The Ross Report - 24 October 2014

The Ross Report
Friday, October 24, 2014

Thank you!

This is my first newsletter since the recent elections and I want to say a huge thank you. To the 21,000 people that voted for me - I appreciate you putting your faith in me again. To the hundreds of volunteers and supporters - I wouldn't be in this job without your unwavering support.

Parliament goes back

This week the 51st Parliament was opened with two important ceremonial occasions. Firstly the Commission Opening of Parliament where MPs were sworn in. Secondly with the State Opening of Parliament where His Excellency, the Governor-General of New Zealand, Sir Jerry Mateparae outlined the Government's agenda for the next three years. These ceremonies have been undertaken in New Zealand since Parliament first met in Auckland in 1854.
At the State Opening the Governor-General delivered the ‘Speech from the Throne’ to detail the work we will be doing on behalf of New Zealanders. It's an opportunity for us to reaffirm the commitments we made during the election campaign and to build on the work done in the past six years. Three of our main priorities outlined in the speech include:

  • building an even stronger economy,
  • improving education,
  • improving housing affordability.

Building an even stronger economy

A strong economy is the best way to improve the lives of all New Zealanders. Economic growth means more jobs and higher wages for hardworking New Zealanders. The economic settings we have put in place have led to the economy growing at 3.9% in the past year. This is the highest growth rate in a decade and sees New Zealand as one of the fastest growing economies in the OECD.

We will keep government spending under control, with a relentless focus on returning to surplus. Our long-term fiscal objective is to reduce net core Crown debt to 20 per cent of GDP by 2020. The belt tightening of the past six years also means we are in a position to increase investment on important services in a limited way. This new spending will be capped at $1 billion per year. This will enable us to keep encouraging the investment and enterprise needed to create new jobs and increase incomes. We will focus on rewarding New Zealanders’ hard work.

Improving education

Education is the best way to lift people out of poverty and improve their future prospects. This term we will be implementing our $359 million education initiative to raise teaching quality and school leadership to deliver a better education to every student. This initiative will help to keep the best teachers in the classroom and means the most highly effective teachers will be encouraged and rewarded for sharing their skills with others in their profession.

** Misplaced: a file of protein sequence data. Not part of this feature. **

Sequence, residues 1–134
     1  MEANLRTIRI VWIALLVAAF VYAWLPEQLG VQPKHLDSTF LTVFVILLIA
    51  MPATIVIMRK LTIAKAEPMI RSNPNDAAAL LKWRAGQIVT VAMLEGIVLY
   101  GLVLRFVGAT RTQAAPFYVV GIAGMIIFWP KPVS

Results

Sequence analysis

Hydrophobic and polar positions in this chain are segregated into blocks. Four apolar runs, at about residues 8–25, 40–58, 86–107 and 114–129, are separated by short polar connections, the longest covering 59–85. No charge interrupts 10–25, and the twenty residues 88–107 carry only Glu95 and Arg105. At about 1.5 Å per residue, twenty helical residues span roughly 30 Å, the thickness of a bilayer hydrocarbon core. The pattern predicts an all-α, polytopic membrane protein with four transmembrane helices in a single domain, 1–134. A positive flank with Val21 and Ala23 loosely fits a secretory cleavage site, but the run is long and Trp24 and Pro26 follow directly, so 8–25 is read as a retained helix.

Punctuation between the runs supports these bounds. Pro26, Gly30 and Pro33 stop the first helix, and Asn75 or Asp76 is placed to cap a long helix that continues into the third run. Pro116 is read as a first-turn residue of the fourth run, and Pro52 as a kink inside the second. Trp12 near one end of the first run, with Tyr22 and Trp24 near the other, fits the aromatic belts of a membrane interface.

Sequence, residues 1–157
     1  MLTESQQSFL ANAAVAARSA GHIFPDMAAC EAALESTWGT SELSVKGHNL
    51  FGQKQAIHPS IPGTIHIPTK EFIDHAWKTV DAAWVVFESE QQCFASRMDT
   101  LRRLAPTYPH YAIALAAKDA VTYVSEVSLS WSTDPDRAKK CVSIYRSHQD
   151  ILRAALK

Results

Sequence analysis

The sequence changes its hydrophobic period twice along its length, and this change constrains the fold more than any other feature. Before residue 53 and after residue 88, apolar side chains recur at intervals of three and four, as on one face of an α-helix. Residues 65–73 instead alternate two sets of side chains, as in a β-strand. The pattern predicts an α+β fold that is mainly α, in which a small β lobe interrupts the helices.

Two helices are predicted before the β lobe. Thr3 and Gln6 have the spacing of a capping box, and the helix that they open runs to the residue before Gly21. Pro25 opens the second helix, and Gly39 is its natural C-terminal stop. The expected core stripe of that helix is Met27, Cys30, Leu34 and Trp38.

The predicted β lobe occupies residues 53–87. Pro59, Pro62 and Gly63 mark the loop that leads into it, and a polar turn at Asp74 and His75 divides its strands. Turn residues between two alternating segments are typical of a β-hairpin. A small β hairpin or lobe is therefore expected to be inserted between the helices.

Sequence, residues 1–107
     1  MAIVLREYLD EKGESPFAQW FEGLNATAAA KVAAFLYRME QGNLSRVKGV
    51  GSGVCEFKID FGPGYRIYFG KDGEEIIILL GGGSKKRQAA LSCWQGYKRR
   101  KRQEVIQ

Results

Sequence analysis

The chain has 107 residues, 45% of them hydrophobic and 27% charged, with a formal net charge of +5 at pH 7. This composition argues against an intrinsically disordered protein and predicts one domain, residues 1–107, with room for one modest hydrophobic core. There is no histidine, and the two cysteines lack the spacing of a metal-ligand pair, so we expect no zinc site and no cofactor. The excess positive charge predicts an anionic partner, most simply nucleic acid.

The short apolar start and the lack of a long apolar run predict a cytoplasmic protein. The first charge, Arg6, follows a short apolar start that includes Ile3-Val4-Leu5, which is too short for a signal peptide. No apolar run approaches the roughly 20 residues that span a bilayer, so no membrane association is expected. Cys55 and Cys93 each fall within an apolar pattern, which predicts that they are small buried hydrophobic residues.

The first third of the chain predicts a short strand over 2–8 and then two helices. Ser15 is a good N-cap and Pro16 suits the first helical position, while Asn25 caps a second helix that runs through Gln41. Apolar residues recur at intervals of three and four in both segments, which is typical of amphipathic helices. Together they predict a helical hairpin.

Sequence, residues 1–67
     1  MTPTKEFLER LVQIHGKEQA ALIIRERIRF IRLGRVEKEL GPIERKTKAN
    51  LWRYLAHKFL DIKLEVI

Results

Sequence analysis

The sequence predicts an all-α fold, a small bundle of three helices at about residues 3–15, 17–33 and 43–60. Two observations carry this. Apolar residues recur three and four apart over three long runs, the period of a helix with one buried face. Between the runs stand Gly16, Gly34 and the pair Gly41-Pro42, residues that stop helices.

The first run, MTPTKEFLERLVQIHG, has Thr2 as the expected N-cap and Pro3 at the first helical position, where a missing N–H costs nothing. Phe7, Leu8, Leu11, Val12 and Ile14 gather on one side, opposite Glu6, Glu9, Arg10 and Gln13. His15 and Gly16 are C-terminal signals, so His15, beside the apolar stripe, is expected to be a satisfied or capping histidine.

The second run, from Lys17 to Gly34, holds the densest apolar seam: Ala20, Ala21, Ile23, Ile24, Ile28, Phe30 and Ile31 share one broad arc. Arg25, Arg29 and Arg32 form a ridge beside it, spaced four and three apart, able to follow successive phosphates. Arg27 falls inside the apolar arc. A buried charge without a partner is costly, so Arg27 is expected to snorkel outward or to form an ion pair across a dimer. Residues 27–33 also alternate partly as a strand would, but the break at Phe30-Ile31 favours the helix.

We have also announced that we will invest up to $18 million a year over four years for 800,000 more teacher aide hours to support children who have conditions that affect their learning. This includes conditions such as dyslexia, ADHD and Asperger syndrome. These students don’t always meet the threshold for intensive special needs support under the current system, but we recognise they need assistance to learn and make the most of the opportunities they have at school. Our plan to boost teacher aide hours will see students who need more individual time given the help they need and our teachers feeling more supported. It's estimated about 4000 students will benefit from this initiative.

Improving housing affordability

Good quality housing and targeted support is important for the health and wellbeing of New Zealand families and communities. Housing remains an important issue, especially in Auckland, with land prices increasing faster than we would like them to. This is primarily due to a shortage of land being made available for development. One of the initiatives we have taken to slow escalating land prices is through Special Housing Areas. These SHAs are being used to increase the supply of land available for housing as well as fast tracking council consent processes.

Fixing the issue in the longer term will also mean making changes to the Resource Management Act. This Government is committed to introducing and passing a Resource Management Act reform package to provide more certainty, timeliness, and cost-effectiveness in resource allocation decisions. This will go hand in hand with our focus on freeing up more residential land, reducing compliance costs, improving sector productivity and facilitating competition in the building material market.

There is no single solution to housing affordability but a concerted effort across a range of areas will have an impact.